houston voices

Houston expert shares tips for shrinking your lab's carbon footprint

Here's some advice for going green in the lab. Graphic byMiguel Tovar/University of Houston

Trying to make your lab greener? Here are some practical examples of how to reduce your lab's carbon footprint and increase sustainability. Since China stopped accepting certain types of plastic waste from the United States and Europe in 2017, the need to dispose of hundreds of single-use plastic vials and other materials (per researcher, each year!) has created an avalanche of waste.

The "single use" problem

COVID-19 has led to even more single-use plastics in labs – and in our everyday lives. The sheer number of gloves, testing kits and even masks we throw away is incredible. "The majority of masks are manufactured from long-lasting plastic materials, and if discarded can persist in the environment for decades to hundreds of years," wrote authors from the University of Portsmouth at the Conversation.com.

Reduce, reuse, recycle

Labs are full of other single-use plastics such as pipette tips, weighing boats, tubes, flasks, reagent bottles, cuvettes, and more. 'Reduce, reuse and recycle' is a fine mantra, but how do researchers cut down on plastics when the sterility of equipment is a concern?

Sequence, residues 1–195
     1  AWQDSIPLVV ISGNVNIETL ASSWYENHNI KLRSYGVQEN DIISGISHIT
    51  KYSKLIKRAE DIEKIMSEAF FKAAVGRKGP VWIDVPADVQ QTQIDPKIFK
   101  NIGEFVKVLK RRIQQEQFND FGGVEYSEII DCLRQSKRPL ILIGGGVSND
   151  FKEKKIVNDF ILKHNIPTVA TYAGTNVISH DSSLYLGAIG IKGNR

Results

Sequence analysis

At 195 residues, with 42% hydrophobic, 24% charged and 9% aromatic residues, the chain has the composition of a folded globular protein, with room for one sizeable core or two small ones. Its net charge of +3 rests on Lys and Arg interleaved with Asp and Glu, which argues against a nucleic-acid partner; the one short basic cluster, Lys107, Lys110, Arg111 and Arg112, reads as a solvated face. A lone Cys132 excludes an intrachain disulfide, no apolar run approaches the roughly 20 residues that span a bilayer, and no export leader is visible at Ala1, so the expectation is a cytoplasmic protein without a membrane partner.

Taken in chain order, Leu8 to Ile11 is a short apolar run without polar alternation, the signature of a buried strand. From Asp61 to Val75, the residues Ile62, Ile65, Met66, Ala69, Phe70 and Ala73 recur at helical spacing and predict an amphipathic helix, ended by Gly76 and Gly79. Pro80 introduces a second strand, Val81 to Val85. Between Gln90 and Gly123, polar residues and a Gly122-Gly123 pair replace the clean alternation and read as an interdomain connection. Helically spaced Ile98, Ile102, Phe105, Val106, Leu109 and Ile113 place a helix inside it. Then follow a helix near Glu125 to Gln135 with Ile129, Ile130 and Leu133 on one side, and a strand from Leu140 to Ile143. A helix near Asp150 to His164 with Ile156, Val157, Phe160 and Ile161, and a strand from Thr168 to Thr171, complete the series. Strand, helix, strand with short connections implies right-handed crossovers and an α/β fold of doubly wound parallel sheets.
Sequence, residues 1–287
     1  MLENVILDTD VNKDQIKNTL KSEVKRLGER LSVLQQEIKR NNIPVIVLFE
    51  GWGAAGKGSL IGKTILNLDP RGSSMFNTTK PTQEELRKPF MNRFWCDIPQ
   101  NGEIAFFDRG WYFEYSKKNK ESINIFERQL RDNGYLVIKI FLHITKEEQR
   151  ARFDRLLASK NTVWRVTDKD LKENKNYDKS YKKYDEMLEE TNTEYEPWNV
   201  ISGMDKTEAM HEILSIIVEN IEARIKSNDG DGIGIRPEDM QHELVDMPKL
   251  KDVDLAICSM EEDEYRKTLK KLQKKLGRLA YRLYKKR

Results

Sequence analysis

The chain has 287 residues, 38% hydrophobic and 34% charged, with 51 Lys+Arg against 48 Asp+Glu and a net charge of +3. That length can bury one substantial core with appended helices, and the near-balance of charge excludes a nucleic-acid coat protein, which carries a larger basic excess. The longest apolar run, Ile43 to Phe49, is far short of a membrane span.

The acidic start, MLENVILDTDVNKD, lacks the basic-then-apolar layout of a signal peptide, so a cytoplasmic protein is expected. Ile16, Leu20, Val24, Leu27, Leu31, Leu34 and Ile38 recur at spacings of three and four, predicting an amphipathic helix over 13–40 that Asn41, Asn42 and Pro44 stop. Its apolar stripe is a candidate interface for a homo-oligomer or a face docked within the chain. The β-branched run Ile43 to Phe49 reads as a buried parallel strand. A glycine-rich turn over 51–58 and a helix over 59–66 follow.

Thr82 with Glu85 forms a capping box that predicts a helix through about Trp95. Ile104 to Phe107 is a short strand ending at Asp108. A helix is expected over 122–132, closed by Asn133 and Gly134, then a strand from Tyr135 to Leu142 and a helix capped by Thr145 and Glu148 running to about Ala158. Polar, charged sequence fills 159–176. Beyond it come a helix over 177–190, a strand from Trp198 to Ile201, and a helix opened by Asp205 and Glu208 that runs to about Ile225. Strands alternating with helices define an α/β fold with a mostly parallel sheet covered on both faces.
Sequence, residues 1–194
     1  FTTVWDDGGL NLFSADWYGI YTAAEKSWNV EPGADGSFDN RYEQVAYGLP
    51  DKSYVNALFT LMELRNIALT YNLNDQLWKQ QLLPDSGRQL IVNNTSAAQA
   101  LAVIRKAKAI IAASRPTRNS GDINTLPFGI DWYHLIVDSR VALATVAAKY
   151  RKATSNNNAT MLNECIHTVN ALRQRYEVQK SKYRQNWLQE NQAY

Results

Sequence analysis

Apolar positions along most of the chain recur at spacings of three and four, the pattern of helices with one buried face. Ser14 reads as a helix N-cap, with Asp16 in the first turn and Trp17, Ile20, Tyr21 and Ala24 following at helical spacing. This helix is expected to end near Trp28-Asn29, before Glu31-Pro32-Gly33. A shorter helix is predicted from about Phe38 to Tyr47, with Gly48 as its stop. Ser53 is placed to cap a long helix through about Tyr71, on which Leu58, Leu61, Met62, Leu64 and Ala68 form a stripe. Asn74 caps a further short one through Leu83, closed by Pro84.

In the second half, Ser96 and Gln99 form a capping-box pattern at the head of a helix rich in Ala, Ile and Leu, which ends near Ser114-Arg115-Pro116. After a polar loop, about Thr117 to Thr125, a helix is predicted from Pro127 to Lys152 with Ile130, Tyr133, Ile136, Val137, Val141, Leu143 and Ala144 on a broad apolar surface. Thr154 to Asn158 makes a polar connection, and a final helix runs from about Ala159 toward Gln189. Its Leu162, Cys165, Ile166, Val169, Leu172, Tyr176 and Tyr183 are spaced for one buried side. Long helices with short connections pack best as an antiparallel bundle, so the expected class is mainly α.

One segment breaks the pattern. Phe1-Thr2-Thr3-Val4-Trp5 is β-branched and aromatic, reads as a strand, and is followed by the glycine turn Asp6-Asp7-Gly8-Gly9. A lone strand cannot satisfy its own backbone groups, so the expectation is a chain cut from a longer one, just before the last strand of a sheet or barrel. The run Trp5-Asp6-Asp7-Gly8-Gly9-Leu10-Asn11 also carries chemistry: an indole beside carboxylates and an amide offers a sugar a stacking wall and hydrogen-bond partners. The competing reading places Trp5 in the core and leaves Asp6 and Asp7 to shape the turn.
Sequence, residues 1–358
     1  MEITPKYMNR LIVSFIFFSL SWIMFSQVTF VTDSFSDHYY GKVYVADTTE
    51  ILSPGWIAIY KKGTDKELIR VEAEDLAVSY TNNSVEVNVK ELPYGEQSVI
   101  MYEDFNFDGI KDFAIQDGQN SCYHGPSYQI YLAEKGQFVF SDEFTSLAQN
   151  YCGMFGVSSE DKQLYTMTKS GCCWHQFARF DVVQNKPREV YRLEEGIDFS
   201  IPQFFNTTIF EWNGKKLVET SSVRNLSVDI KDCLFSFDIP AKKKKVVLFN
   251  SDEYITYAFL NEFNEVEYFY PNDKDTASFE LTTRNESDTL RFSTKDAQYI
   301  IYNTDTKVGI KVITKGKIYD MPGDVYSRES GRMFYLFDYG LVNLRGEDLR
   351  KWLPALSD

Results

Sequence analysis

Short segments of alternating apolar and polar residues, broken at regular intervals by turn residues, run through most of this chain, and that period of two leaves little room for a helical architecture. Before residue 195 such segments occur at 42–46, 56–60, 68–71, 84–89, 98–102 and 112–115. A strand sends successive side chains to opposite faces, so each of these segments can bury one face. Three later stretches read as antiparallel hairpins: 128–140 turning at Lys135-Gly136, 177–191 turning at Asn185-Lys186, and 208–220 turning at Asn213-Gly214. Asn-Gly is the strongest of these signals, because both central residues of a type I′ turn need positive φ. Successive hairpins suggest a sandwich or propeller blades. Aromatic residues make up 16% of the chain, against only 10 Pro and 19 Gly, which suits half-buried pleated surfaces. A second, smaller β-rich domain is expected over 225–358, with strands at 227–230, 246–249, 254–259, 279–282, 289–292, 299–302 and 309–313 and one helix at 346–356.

According to the UK's Chemical and Engineering News magazine, "Different users have optimized washing protocols to get pipette tips clean enough for different lab techniques, including mass spectrometry or toxicology and immunology assays.

Earlier this year, for example, researchers at the National Institutes of Health's National Center for Advancing Translational Sciences found their washed pipettes gave the same results as new tips for preparing small-interfering-RNA screening libraries." Customers of Grenova, a lab equipment firm, have reported that some tips can reused 25-40 times.

Baby it's cold

In Nature, Jyoti Madhusoodanan wrote: "Scientists are increasingly aware of the disproportionate environmental footprint of their research. Academic research facilities consume three to six times as much energy as commercial buildings, much of that due to refrigeration and ventilation systems." The has led some third-party "green companies" employed by labs to hold entire conferences around ultra-low temperature freezers. In a feature advertisement in Nature Portfolio, a statistic read: "An average Ultra-Low Temperature freezer consumes as much energy as a single-family home (~20 kWh/day)."